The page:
Frank Buckman Liberates his Rocket 3

What do you do when you ride a giant motorcycle? That's right... you install a giant fairing. Is there a bigger fairing made than the 1974 Liberator I designed for The Motor Company?

I encouraged him... and offered to help.

SOP is for you to prop the fairing up as close to the right position on the bike and send me pictures from the side. Thru the magic of PhotoShop, I will position the fairing in the right place.

Where it belongs
Liberator roughed in place
From Frank's pic (left) I was able to scale a pic of my Liberator and superimpose it over a pic I took of a Triumph Rocket 3. Vetter Fairings should be mounted as far back, as close to the rider as possible. Usually it is the instruments that limit this. The fairing needs to be rotated so that the windshield is roughly the angle of the forks. Also, the higher the fairing can be placed, the shorter the windshield can be. A shorter windshield is less likely to fold back at high speed.

All Frank has to do now is get stuff out of the way so the fairing can be in the right place.

Fabricating the top mount
Enlarging the fork opening
The Rocket 3's forks are so wide that the opening had to be ground out bigger. When you do this, make sure that when you are done, all surfaces are smooth. Cracks like to start at notches.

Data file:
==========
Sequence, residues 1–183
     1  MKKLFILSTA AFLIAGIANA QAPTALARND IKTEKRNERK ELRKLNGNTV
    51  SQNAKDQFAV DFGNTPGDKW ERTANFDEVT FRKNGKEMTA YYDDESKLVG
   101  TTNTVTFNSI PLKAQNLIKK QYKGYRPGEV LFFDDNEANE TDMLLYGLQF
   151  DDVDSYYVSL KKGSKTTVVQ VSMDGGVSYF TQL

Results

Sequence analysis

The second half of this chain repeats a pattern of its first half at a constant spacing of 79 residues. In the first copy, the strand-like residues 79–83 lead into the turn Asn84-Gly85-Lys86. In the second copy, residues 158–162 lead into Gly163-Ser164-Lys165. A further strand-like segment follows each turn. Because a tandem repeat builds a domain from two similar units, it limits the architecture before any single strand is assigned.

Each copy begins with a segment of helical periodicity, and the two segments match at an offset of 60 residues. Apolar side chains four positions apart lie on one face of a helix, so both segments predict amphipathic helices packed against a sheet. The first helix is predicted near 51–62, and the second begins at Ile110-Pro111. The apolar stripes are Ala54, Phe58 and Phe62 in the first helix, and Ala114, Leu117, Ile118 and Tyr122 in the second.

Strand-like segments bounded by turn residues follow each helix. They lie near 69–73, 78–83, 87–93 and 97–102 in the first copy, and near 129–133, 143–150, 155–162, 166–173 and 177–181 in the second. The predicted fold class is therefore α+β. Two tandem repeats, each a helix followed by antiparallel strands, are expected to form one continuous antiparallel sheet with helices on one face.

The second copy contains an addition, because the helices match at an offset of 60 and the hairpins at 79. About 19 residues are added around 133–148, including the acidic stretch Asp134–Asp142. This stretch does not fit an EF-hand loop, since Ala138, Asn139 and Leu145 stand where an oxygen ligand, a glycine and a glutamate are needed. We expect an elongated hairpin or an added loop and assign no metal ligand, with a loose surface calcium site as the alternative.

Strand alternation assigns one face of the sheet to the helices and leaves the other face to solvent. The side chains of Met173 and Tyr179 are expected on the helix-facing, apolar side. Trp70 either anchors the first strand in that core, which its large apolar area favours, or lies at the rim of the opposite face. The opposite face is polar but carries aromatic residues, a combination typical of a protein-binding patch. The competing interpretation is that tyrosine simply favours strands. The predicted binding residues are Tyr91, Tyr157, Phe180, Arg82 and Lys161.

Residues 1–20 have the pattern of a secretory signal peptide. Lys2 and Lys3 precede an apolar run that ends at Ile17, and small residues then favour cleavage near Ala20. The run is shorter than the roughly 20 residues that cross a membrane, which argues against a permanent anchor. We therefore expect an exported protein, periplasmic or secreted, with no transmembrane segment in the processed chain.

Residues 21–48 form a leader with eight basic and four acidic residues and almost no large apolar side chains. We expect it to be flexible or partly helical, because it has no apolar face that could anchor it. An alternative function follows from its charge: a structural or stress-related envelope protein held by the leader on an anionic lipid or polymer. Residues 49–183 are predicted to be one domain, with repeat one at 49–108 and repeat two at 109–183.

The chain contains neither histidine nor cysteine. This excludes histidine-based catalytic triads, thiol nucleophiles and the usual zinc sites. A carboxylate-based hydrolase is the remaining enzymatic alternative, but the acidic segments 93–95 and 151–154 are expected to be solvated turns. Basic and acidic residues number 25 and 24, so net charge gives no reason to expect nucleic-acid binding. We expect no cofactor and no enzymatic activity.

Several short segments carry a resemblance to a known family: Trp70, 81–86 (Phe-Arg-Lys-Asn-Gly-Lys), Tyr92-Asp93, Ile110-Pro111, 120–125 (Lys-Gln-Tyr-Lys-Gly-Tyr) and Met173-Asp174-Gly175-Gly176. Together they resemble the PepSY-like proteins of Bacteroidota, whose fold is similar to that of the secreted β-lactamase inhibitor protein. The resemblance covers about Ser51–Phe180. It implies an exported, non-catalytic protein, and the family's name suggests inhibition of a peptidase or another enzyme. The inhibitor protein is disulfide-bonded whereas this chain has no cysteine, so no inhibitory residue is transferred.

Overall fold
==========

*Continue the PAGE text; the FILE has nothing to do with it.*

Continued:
The Liberator Fairing has a big chunk of steel bonded inside the nose making it easy to mount it. Now that the fairing is in the right place, Frank has fabricated a new mount that bolts into the existing steel structure.

Liberators were originally mounted in rubber isoltors to deal with the Harley shaking. The Rocket 3 does not have that problem so I advised Frank to mount his Libertor solidly.

It looks like the Liberator was made for the Rocket !
Frank has cleverly routed his crash bars thru the holes for the side marker lights. He has removed the radiator bling. This is going to work!

Dakota Dog looks like he has found a comfortable place to ride, too. Because Frank sits so low, the windshield will have to be cut down so he can look over it in the rain - or duck under it in junebug country. As already mentioned, a shorter windshield will handle high speeds better.

By the way: The only source I am aware of for new Liberator windshields is Leif Gustafsson at Gustafsson Plastics in Florida: sales@bikescreen.com. Tell him I sent you.

Free at Last

Frank rode this thing in Alaska the summer of 2010 towing a trailer with his dogs:

Frank brings "Road Joy" wherever he goes
It looks like a travelling circus. The trailer is made up of old Vetter stuff turned into a dog house for two dogs. Does this give a new definition to the word "menagerie"?
Page posted March 17, 2010

Revised Nov 7, 10

craig@craigvetter.com
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